Olympus XZ-1 - £295/$500
Weighing in at around 100g less than the chunky Canon and Nikon cameras on test, the Olympus XZ-1 is a more slimline affair, despite boasting a larger 1/1.63-inch (8 x 6mm) image sensor. It's the only camera in this group that doesn't have a sculpted hand grip and handling feels considerably less assured as a result.
Direct access controls are few and far between on the XZ-1, so there's much more reliance on scouring through the menus whenever you want to change anything. At least there's a quick menu available for major settings like ISO, white balance and picture style, as well as drive, autofocus and metering modes. This displays on the LCD screen when you press the OK button at the centre of the four-way pad.
One neat touch is that the lens features a context-sensitive control ring around its circumference. For example, in Aperture Priority mode, the ring adjusts the aperture setting.
Another uncommon, but useful, feature is a Bulb mode for long exposures - this is shared only by the Ricoh in the group. There are no less than 18 scene modes and six different art effects to play around with, but unfortunately the Olympus XZ-1 lacks a built-in viewfinder.
An optional electronic viewfinder is available, but it's a rather pricey proposition at around £180, and can't be used at the same time as a flashgun because it clips into the hotshoe.
The maximum burst rate is an impressive 7fps, but in high-speed drive modes only fairly low-res, 1280 x 960-pixel images are available. The Fujifilm X10 in this group also drops image size when using its fastest 7fps continuous shooting mode, but to a much more usable 2816 x 2112 pixels (6MP).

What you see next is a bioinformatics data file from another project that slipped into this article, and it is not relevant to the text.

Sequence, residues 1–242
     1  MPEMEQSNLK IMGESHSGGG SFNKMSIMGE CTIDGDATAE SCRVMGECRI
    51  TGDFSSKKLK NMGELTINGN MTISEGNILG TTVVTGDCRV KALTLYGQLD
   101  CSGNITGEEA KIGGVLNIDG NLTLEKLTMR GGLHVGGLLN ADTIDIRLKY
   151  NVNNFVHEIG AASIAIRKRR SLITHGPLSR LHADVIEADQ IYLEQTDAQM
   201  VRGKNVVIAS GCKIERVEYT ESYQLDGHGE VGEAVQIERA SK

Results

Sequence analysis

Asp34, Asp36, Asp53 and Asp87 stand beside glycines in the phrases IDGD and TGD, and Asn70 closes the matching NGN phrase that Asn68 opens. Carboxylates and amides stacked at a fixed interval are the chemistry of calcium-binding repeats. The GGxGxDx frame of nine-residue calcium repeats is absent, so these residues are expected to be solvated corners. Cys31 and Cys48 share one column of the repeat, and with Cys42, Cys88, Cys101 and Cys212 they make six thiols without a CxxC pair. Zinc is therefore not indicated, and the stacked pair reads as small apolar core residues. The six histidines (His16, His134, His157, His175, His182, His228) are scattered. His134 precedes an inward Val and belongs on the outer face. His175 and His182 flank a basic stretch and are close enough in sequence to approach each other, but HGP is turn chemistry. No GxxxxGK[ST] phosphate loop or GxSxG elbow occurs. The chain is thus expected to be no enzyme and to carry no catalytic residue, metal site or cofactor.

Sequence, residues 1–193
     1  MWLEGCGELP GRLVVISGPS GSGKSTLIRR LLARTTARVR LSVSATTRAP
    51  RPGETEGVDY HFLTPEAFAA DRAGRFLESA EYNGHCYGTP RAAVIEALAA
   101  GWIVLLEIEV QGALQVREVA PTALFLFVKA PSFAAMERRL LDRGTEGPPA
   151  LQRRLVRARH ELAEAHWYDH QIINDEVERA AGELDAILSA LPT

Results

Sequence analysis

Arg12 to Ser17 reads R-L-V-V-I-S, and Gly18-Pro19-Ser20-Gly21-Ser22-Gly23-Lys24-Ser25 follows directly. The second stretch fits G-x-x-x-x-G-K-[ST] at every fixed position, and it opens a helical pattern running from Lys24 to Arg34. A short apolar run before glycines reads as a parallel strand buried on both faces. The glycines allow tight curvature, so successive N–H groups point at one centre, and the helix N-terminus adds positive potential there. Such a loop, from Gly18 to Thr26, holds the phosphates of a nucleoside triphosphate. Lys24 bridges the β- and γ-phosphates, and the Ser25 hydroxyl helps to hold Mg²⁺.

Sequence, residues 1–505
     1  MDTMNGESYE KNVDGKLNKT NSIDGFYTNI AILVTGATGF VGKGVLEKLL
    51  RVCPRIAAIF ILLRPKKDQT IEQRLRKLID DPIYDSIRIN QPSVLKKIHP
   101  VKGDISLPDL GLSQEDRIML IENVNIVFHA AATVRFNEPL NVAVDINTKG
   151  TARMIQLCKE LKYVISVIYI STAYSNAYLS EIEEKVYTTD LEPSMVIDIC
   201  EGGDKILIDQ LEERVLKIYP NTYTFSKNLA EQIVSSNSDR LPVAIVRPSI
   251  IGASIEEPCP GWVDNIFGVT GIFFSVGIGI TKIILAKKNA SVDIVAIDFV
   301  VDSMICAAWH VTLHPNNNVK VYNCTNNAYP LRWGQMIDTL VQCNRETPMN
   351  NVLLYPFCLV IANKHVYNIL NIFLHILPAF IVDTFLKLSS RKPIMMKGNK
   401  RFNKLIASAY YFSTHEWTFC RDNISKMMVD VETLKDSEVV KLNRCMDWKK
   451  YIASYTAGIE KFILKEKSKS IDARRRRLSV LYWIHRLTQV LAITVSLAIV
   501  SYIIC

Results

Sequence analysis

Colour rendition, sharpness and tonal range are all good in well-lit scenes. For indoor shots without flash, the XZ-1's images lack detail, even at low ISO settings, while noise is a major problem at high sensitivity settings. The autofocus speed also drops considerably in dull conditions.
As is often the case with Olympus cameras, the XZ-1's colour balance brings a certain warmth to outdoor images.
It starts off well at ISO 100, but resolution drops steadily through the sensitivity range and is extremely poor at ISO 3200.
ISO 200 at 100%
ISO 3200 at 100%
There's precious little fine detail in low-light conditions, even at medium sensitivity settings. At ISO 1600 and above, shots look noisy and blurry.
Colour rendition is good overall, but there's often a slightly warm colour cast to images, due to the way white balance is handled.
Image test verdict
The sun-loving Olympus XZ-1 gives pleasing results in good lighting conditions, but unfortunately it fails to impress when light levels fall.
Read our Olympus XZ-1 review